- Well, looks like it isn't going anywhere at the moment. Your commentary looks good. Whatever it commented on is not there anymore. The advice is good however. Around here, things don't go anywhere unless someone makes them go somewhere. The least little sign of resistance and they all drop it like a hot potato. Now, as to which direction it should go, I ran across mention of it in Emile Durkheim and some of the other cultural anthropologists. I think that is definitely where we want to go. More encyclopedic. So, I put in the appropriate box and I'm looking for a picture to go in the box. I will also do a disambig. To me those are pointers. Whether or not I shall develop some content, I'm not sure. If you are inclined to do so, by all means do. The anthropologists I believe were treating it as a kind of mana. I keep seeing everywhere that the concept is supposed to be outdated but I never see any updates. All I see is vituperation. I say to the modern vituperatives, don't bother. If you want to vituperate attack your wife/husband and colleagues. Leave us alone. Worldwide, we need the publication space for things more imporant than your pot-boiling.Botteville (talk) 21:22, 27 February 2015 (UTC)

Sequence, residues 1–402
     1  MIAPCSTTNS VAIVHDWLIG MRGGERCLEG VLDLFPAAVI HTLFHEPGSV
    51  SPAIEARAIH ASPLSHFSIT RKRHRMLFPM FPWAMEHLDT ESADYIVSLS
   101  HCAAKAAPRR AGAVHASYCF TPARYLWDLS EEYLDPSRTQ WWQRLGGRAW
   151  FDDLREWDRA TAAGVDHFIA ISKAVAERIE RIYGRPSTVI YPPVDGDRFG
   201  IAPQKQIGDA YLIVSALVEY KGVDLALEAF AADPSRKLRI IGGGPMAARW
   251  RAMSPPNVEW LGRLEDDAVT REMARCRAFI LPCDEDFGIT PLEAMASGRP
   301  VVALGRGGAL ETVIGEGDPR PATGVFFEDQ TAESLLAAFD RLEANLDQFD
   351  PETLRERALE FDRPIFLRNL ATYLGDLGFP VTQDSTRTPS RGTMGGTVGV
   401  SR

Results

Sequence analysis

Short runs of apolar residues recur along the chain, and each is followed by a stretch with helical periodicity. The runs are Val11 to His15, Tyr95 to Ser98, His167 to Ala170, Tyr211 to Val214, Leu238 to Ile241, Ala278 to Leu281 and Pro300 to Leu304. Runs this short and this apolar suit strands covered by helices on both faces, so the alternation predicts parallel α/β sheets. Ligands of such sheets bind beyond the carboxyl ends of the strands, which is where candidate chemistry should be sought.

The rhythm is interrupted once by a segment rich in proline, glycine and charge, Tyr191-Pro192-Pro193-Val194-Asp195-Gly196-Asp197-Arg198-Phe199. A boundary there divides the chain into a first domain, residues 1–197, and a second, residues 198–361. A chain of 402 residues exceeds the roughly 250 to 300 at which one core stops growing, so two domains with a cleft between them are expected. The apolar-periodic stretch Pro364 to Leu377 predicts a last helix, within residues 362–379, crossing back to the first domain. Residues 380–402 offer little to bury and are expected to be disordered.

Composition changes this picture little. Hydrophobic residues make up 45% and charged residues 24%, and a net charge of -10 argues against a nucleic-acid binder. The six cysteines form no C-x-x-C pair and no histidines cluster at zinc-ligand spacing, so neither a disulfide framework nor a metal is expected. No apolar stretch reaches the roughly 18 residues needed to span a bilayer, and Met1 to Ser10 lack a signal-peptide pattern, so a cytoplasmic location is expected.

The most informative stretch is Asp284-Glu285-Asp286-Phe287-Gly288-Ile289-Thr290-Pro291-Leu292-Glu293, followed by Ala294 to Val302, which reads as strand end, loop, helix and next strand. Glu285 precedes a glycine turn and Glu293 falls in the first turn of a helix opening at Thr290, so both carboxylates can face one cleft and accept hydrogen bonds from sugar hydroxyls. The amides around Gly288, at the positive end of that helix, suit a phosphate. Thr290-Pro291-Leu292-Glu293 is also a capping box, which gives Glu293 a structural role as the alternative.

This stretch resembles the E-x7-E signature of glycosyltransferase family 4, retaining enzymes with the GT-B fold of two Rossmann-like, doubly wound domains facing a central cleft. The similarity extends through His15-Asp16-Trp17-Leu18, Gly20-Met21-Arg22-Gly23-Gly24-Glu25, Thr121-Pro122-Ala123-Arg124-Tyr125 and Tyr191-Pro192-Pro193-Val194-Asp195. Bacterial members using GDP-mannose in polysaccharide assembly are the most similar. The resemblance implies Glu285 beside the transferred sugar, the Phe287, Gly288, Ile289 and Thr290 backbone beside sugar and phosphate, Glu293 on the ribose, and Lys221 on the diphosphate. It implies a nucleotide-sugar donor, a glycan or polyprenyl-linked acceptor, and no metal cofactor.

This article (with all its flaws) appears to have a strange notion of Native American (and First Nation) religions. Firstly, there are many tribes throughout North America and one religion can't be an example for a whole continent of religions. For example, the idea that the "...Great Spirit was a syncretist conception of God" is simply not true for most if not all Precolumbian and Pre-Christian natives. The article also uses "he" to refer the Great Spirit. Apparently animism was thrown in there without any real knowledge of this important term. For the Sioux, Wakan Tanka doesn't translate to "God" but instead refers to the sacredness in all existence. (However, modern Sioux Christians readily use the term to describe the Christian god.) Perhaps animism and monotheism or Precolumbian and Modern religion should be discussed seperately in relation to the Great Spirit? —Preceding unsigned comment added by Rqp1975 (talk • contribs) 21:55, 29 March 2008 (UTC)